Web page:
It gets it’s name “zombie mushroom” because it is a combination of caterpillar (or other insect) and fungus— the fungi infects the caterpillar (or insect) to survive.

While their half-caterpillar-half-fungi existence may seem odd, this precious medicinal has been used in Traditional Chinese Medicine for centuries to help build stamina, improve sexual function, reduce fatigue, and slow the signs of aging.

Recent studies have confirmed many of these traditional uses1, and have found cordyceps may posses promising anti-cancer properties2, 3.

Like many powerful adaptogens, Cordyceps are only found at high-altitudes of 3800 meters in the Himalayan Mountains.

Ancient healers believed it is this ability to adapt to hostile climates that gives adaoptgens their healing power.


Also known as “Indian Ginseng” is an Ayurvedic herb that has become wildly popular in the Western world for increasing energy, reducing stress and helping with sleep.

It’s also been shown to help improve emotional well-being and stabilize mood 4, improve cognitive function5 and balance blood sugar6.

I’ve found most patients respond quickly to Ashwaghanda’s benefits, and especially appreciate its positive effects on sleep and anxiety.

It’s also worth noting that Ashwaghanda has been shown, in a double-blind, randomized placebo-controlled study, to be effective in helping people with underactive thyroid function by increasing TSH, T3, and T4 levels7.


This Chinese Herb is excellent for increasing energy and promoting inner calm. It helps with mental focus and can decrease brain fatigue.

It’s also used to help improve digestion, support the adrenals and as for liver health. Schizandra also supports hormonal health and is anti-inflammatory. It is a key ingredient in many of my favorite Chinese Medicine tonics, and is considered among the most versatile of Chinese herbs.

Holy Basil (aka: Tulsi)

I love this Ayurvedic herb so much I wrote a whole article on it last year: 5 Reasons Holy Basil (Tulsi) is an Ideal Herb for Travel: Support for Immunity, Stress, Digestion, and More.

As an adaptogen, Holy Basil (aka: Tulsi) is excellent for enhancing immunity8, alleviating chemical, biological and emotional stress 9and as a digestive aid10.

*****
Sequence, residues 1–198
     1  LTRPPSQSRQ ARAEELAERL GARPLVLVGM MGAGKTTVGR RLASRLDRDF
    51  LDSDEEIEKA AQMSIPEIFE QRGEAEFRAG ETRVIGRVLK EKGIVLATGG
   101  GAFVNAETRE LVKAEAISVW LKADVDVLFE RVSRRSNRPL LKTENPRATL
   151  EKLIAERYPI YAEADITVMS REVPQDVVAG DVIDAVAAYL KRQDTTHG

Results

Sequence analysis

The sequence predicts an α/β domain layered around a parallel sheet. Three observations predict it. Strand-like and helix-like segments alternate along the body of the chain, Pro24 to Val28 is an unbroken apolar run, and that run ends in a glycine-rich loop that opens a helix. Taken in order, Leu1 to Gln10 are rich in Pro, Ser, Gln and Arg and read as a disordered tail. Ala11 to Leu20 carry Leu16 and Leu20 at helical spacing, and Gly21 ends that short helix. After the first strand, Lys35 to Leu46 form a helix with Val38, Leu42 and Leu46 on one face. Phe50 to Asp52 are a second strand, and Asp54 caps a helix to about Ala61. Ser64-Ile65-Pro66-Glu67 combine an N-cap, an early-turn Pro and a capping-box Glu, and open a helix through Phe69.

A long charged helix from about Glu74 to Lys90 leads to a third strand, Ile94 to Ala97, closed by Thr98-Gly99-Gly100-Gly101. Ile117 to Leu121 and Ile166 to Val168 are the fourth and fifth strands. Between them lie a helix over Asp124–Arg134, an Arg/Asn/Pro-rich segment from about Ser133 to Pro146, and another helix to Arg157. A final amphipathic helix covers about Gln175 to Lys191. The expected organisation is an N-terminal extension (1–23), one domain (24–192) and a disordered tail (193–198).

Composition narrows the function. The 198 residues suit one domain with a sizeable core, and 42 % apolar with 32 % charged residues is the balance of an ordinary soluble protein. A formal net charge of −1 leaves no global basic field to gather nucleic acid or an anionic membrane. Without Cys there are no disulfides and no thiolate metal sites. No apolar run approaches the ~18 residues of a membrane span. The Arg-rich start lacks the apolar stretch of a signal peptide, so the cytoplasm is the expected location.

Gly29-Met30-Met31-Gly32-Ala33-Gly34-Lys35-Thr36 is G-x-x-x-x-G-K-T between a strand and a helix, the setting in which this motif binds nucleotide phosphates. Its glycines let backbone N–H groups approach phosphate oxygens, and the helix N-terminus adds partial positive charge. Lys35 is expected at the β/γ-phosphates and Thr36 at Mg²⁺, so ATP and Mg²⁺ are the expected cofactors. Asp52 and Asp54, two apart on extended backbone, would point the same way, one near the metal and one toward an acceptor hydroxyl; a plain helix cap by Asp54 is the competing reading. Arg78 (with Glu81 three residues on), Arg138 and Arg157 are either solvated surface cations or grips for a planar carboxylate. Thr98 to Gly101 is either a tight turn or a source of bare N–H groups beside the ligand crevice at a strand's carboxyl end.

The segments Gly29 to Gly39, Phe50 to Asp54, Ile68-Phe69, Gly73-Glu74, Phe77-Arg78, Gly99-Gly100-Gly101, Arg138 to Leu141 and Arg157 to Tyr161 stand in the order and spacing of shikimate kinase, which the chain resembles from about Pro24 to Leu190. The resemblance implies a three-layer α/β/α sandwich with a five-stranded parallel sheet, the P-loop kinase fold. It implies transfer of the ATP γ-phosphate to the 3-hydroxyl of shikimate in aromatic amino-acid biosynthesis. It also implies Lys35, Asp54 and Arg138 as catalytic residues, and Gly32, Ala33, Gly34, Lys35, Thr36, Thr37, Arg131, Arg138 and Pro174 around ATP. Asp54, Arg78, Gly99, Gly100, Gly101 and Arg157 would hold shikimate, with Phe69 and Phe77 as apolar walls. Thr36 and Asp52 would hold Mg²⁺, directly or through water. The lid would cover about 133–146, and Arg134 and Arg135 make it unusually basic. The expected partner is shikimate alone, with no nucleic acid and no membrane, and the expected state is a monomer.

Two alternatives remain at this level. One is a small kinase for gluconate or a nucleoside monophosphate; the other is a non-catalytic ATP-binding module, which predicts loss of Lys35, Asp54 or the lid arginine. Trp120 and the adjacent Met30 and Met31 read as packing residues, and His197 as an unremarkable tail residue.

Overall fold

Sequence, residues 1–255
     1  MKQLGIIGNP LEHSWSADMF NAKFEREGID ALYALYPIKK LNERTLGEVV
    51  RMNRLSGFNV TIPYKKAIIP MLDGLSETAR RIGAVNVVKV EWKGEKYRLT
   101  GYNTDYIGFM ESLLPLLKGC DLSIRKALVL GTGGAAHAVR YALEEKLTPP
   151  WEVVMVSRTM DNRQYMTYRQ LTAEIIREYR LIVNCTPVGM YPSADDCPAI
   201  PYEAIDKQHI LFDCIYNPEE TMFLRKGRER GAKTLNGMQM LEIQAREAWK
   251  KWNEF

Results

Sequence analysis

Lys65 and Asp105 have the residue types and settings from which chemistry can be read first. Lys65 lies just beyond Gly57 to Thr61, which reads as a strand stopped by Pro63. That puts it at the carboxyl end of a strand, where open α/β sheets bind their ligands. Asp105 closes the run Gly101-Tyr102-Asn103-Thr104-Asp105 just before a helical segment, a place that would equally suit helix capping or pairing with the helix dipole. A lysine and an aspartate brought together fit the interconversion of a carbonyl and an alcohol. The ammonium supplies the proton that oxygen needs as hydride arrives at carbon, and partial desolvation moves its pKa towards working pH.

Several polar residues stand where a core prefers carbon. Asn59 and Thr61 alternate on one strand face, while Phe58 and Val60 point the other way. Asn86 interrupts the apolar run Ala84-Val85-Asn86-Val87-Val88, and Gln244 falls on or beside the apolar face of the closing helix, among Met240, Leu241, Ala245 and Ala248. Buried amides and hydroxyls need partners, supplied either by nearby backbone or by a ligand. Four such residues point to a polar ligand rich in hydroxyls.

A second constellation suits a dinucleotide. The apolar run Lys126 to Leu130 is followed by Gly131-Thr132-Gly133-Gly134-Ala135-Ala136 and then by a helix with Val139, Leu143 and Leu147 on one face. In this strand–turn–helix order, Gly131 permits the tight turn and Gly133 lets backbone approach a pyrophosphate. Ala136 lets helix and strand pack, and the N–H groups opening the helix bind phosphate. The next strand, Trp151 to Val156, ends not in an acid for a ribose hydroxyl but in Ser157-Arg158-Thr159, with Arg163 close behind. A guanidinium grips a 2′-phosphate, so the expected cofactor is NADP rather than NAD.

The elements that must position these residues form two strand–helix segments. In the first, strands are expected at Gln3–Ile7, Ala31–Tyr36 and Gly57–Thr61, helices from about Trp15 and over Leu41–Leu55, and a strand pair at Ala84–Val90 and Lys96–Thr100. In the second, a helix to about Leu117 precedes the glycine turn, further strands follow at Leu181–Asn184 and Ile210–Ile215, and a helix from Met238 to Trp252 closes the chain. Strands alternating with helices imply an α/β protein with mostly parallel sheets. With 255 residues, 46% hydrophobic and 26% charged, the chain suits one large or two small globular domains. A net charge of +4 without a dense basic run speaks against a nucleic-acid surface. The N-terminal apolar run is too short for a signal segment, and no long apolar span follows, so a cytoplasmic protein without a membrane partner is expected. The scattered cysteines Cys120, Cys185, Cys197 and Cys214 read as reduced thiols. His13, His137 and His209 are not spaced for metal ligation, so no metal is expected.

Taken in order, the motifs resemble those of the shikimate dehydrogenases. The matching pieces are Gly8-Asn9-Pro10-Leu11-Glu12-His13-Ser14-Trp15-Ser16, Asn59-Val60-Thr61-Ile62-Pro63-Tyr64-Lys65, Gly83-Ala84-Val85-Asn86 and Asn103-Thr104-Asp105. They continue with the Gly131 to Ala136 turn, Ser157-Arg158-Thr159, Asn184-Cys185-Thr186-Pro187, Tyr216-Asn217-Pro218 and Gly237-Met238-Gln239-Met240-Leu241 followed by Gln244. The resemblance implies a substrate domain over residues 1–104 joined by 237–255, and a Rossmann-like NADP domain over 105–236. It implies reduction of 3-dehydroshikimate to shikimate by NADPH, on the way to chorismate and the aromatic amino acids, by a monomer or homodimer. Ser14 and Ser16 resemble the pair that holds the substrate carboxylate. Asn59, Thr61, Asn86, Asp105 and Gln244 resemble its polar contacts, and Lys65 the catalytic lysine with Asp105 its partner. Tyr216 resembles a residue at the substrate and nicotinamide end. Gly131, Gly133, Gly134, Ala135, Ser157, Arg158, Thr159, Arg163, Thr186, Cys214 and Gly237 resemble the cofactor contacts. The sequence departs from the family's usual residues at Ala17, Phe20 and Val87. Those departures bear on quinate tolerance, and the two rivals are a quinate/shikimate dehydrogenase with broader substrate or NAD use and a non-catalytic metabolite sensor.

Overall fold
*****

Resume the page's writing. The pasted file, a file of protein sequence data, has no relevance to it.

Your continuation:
I’ve also had patients report that it does wonders for seasonal allergies.

The most common Western preparation of Holy Basil is as a tea, which can be found in any natural foods store.

Rhodiola Rosea—Tonic of the Vikings

While we don’t often talk about herbs from Scandanavian and Russian medicinal folklore, Rhodiola Rosea is native to these arctic regions, and is gaining popularity in the West.

Like Cordyceps, it only grows at very high altitudes—where it has adapted to freezing temperatures. It was even believed to have been used by the Vikings to help increase stamina and boost energy .

Rhodiola Rosea has a delightful rose scent and flavor, and has been traditionally used to enhance fertility, improve sexual function, boost stamina (those mountains are COLD), build strength and ease depression and anxiety.

Modern research is quickly confirming many of these age-old uses, including Rhodiola’s effectiveness in helping people recover from stress-related burnout11 and heal from physical and mental fatigue12,13.

Bottom Line: if you’ve gotten off-track with your stress levels, adaptogens are a perfect spring board for change

Ultimately, the only way out of the chronic-stress-sink-hole is to learn how to better approach your relationship with stress—and modern life in general.

However, if you’re going through a rough-patch and need some quick, natural support, adaptogens can be your best friend. Your Chinese medicine practitioner, acupuncturist, or herbalist can help you find the right adaptogenic formula for your individual constitution. I find that these tonics formulas also really help my patients maintain the benefits they receive from acupuncture between treatments.

Not only will they take the edge off quickly, but their calming, centering effects will replenish you so you may be inspired to make those adjustments that will support long-term health and inner peace.

Blessings on the journey,

-Dr. Patricia